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Old 09-22-2007, 09:24 AM   #3
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Quote:
Originally Posted by PBAT View Post
The money I will be rolling over was invested about five years ago, when the market was much lower. Since the market is currently at such a high, once I rollover into new funds, will these new funds (assuming same AA and similar funds) rise and fall with the market at the same rate as the old funds would have. (Excluding the effect of much lower costs, of course.)

Basically - does the fact that we will now own the same dollar amount, but less shares, change our future gains/loss.

Thanks!!
Brenda
No change. And you won't have less shares. You bought the shares at a lower price in the old account, but that doesn't matter in an IRA. Forget about what price you originally bought them at. I think that's where you are getting confused.

Say you had $1000 to invest originally, in a fund or stock that went for $10. You bought 100 shares. Now say you have $2000 in that account that you want to move. Ignoring things like dividend reinvestments, you still have 100 shares. They are worth $20/share. You don't have more shares. When you buy them in the new account, you will be able to buy 100 shares at $20/share--exactly what you sold.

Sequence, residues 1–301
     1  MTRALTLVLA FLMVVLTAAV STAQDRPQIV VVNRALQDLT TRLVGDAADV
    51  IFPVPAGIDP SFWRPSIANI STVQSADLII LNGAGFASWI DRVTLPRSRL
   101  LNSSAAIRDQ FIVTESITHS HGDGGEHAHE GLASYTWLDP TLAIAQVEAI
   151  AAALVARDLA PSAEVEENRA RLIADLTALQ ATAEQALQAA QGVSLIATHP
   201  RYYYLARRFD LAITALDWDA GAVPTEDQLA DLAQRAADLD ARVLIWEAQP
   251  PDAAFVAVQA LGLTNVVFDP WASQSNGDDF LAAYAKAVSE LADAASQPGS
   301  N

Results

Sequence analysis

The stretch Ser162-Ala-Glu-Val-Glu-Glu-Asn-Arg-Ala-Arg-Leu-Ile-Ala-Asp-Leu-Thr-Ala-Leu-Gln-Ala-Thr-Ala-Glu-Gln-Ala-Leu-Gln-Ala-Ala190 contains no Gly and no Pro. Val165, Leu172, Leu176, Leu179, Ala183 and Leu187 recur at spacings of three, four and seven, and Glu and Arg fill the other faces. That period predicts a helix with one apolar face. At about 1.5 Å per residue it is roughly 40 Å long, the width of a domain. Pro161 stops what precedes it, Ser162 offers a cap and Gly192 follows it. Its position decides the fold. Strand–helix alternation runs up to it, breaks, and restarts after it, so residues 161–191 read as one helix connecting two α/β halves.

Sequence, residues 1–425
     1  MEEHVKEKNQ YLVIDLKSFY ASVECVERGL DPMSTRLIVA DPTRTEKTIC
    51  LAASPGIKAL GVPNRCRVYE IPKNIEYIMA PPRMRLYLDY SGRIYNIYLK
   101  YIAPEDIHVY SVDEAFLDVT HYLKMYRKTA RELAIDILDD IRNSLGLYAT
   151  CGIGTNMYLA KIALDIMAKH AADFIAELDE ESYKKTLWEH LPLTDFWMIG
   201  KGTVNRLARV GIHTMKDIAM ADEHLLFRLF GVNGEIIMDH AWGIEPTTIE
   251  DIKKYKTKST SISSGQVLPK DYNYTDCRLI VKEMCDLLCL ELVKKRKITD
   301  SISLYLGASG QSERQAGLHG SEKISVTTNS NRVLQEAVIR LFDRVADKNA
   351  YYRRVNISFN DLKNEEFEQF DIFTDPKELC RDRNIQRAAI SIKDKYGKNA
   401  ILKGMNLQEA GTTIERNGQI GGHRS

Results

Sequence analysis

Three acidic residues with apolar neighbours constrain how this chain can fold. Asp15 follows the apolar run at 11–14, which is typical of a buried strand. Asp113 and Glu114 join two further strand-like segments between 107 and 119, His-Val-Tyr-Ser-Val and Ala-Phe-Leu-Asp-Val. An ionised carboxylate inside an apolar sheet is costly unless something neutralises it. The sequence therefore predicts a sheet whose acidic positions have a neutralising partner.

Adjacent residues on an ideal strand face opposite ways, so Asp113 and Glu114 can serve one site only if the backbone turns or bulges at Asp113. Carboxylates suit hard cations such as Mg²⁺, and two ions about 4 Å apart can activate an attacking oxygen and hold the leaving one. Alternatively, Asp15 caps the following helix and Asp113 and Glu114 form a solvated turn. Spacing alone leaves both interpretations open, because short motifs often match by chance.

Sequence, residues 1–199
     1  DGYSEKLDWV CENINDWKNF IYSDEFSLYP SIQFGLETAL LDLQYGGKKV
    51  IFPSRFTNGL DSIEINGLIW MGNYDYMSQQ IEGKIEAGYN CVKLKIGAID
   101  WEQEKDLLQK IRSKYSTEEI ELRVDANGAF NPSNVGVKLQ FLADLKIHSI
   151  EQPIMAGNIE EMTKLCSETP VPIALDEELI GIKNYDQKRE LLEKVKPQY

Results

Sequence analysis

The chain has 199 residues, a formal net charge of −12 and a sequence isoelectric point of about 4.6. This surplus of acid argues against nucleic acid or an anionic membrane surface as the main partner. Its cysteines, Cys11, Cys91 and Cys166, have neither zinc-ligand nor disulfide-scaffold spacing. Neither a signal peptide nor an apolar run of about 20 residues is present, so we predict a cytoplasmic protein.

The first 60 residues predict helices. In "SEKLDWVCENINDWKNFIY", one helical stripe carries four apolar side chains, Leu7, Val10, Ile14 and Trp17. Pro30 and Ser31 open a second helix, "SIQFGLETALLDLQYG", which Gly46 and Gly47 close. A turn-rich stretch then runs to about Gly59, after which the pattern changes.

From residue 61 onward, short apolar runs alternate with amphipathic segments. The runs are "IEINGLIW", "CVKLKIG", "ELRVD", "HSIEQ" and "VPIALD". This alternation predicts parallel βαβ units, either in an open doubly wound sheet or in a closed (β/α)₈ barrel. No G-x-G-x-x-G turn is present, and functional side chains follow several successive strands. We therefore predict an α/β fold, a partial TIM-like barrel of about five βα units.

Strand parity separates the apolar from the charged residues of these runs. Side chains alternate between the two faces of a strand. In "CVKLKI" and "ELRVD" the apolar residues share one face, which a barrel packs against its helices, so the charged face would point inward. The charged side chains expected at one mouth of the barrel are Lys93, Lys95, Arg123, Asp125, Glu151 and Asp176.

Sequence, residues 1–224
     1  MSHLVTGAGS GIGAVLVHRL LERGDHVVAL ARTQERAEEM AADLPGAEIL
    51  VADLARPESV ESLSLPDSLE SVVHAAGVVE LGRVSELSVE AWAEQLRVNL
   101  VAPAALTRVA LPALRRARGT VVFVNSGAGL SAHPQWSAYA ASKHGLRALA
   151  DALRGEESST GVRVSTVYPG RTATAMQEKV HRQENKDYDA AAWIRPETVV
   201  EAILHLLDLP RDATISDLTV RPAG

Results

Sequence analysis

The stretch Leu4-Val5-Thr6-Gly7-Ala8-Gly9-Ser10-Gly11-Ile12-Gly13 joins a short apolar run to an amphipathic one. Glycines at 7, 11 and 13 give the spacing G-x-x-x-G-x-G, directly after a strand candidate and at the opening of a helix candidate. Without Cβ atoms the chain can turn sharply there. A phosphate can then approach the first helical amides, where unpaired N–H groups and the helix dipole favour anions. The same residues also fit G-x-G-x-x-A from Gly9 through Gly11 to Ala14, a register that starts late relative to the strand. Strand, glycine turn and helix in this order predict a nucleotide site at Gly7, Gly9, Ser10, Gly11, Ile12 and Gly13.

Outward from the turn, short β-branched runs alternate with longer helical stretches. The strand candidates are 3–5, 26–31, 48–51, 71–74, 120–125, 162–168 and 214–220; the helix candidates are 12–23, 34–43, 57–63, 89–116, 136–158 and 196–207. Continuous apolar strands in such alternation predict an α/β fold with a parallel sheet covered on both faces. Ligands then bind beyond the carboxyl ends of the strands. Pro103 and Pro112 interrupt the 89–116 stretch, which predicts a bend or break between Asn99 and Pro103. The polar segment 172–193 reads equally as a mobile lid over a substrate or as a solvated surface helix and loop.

Maybe I misread the question, I viewed it as a mathematical question. If it's a market timing question, I agree with the above post that there's just too many variables and you can't really predict the future market based on the past.
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Old 09-22-2007, 09:42 AM   #4